developed in the earlier sprints are being reused.
Relationship between
Reusability Factor X and Reusability Factor Y
The following graph shows the relation between the Reusability Factor X
and Reusability Factor Y. Note that as previously mentioned as the
Reusability Factor X drops its counterpart increases. Similarly Reusability
Factor Y is higher in the later sprints that in the initial Sprints.
This metric is a direct result of the Agile Tenet
“Business people and developers must work together
daily throughout the project” and “Individuals and
interactions over processes and tools”.

Facetime metric = f(Clique Density)

The facetime metrics is intended as a process metric to

calculate the amount of interpersonal interaction
between the team members and between the project
stakeholders and the time.
Team members, Project manager, SMEs and other project stake holders are seen
as individual points in a graph. The interaction time spent between the project
members is indicated using numbers on the graph edges.

Higher number indicates higher interaction between the associated members and
groups. The graph gives a clear indication of cohesiveness of the various

As indicated in the graph above there should be a higher clique density

within the team and a sparse clique density between SMEs and individual
team members. This is an optional metric that may be used in projects
where the teams are co-located.
Customer Expectation Baseline
Another optional process metric is how well the sprints meet the
customers’ minimal expectations. It is indicative of how well the
sprint meets and/or surpasses the base expectations of the
customer in terms of the features promised for the sprint.

Customer Expectation Baseline =

(actual minimal features delivered / minimal features for the Sprint)

• This simple metric plots the difference between the minimal number of
features and the actual features delivered at the end of the sprint. Note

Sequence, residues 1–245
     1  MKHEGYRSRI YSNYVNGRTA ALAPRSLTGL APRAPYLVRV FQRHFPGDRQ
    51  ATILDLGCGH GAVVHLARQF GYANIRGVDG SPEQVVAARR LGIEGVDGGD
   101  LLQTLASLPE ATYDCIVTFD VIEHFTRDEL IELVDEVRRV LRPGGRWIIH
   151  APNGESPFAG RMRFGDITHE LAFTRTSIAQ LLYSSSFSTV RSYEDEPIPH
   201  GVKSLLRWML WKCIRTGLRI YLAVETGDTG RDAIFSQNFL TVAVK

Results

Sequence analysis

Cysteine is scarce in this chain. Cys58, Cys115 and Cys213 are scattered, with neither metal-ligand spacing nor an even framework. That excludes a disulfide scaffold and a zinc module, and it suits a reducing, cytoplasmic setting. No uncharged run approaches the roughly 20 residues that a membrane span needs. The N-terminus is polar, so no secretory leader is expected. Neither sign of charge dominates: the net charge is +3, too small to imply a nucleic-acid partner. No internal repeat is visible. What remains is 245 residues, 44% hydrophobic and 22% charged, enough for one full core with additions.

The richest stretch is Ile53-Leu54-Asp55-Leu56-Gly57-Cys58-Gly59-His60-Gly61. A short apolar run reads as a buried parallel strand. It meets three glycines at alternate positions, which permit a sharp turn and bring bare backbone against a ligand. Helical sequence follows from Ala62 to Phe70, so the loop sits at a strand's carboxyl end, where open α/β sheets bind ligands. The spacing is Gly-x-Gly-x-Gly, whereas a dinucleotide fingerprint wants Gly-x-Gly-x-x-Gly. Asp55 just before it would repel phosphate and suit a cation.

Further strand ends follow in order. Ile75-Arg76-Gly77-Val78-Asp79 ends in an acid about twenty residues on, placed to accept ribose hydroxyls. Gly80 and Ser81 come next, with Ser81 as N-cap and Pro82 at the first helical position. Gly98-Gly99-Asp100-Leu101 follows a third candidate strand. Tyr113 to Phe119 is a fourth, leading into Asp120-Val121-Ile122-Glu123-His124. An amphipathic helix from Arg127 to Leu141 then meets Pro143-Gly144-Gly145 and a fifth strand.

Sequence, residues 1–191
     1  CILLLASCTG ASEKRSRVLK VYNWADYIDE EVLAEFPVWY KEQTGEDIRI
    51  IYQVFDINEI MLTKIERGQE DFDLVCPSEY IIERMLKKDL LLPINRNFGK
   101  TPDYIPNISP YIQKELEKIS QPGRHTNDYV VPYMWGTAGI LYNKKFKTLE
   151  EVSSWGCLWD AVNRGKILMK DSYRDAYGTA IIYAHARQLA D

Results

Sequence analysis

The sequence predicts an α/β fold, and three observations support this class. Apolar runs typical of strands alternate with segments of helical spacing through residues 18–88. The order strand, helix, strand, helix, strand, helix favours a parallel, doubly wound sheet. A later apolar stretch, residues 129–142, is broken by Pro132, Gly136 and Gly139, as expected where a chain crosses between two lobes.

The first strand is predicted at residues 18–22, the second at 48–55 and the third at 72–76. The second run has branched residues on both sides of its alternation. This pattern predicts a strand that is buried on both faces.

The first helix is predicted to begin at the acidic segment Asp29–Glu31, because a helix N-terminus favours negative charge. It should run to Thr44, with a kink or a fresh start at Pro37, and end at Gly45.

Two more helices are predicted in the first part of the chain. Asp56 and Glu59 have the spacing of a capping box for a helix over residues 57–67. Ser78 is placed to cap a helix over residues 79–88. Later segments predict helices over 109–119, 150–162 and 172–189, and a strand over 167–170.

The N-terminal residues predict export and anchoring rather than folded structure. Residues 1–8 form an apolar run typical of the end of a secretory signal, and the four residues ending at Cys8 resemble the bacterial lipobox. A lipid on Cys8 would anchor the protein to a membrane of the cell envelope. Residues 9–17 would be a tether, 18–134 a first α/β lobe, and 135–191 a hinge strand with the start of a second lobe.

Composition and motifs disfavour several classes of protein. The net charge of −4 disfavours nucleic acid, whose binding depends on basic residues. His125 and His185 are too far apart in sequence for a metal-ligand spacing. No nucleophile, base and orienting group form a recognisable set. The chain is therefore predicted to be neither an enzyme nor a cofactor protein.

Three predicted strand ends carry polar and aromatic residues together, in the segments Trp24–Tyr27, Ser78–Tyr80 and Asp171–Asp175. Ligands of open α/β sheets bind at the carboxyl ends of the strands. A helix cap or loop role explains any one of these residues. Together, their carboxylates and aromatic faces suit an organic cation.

that it is imperative that all the minimal features be met and even if there
are additional features completed in the sprint but these additional
features are not part of the identified minimal feature set, the metric goes
into the negative.

• The minimal feature set is identified at the beginning of the sprint.

Agile Project Metrics
• Agile SPI (Schedule Performance Index)
• Agile CPI (Cost Performance Index)

• Agile EV (Earned Value)

• Agile PV (Planned Value)
• Agile AC (Actual Cost)

• Burnup Chart
• Burndown Chart

Note that the Agile Project Metrics are adapted from the AgileEVM set of
metrics which is currently the most widely used and recognized suite of
metrics in Agile projects.
Agile Project Metrics
AgileEV =
[(Actual # of features completed in sprint)
+ ∑(# features completed from previous sprints – modified
[Total # of features in the release]

AgilePV =
[(Planned # of features completed in sprint)
+ ∑(# features completed from previous sprints – modified
[Total # of features in the release (adjusted)]

AgileAC =
Actual Cost incurred at end of the Sprint.
Agile Project Metrics
• AgileSPI = AgileEV/AgilePV
– The Agile Schedule Performance Index is similar to the SPI
proposed in the AgileEVM metrics.
– It is meant to provide a clear snapshot of the Schedule
variance in Agile Projects.
– A value of < 1, indicates that the project is currently behind

• AgileCPI = AgileEV/AgileAC
– The Agile Cost Performance Index is similar to the CPI
proposed in the AgileEVM metrics.
– A value of < 1, indicates that the project is currently behind
Agile Project Metrics
• BurnUp Chart
BurnUp chart is a simply project metric that plots
the number of features accomplished till date.

• BurnDown Chart
Burn down charts are classic sprint tracking
charts that provide a snapshot of the features
that have been completed or being worked on in
the current sprint.
• The RAMM Agile Metrics have been used in over two
dozen projects within different organizations with a high
degree of success measured in terms of customer
satisfaction, product quality improvement and
organizational process improvement.

• Projects consisted of team sizes varying from 5-7 member

teams to 10-15 member teams using the Agile Scrum

• Overall project timelines varied from projects having 3-4

month deliverable schedule to projects well over the 12-14
month mark.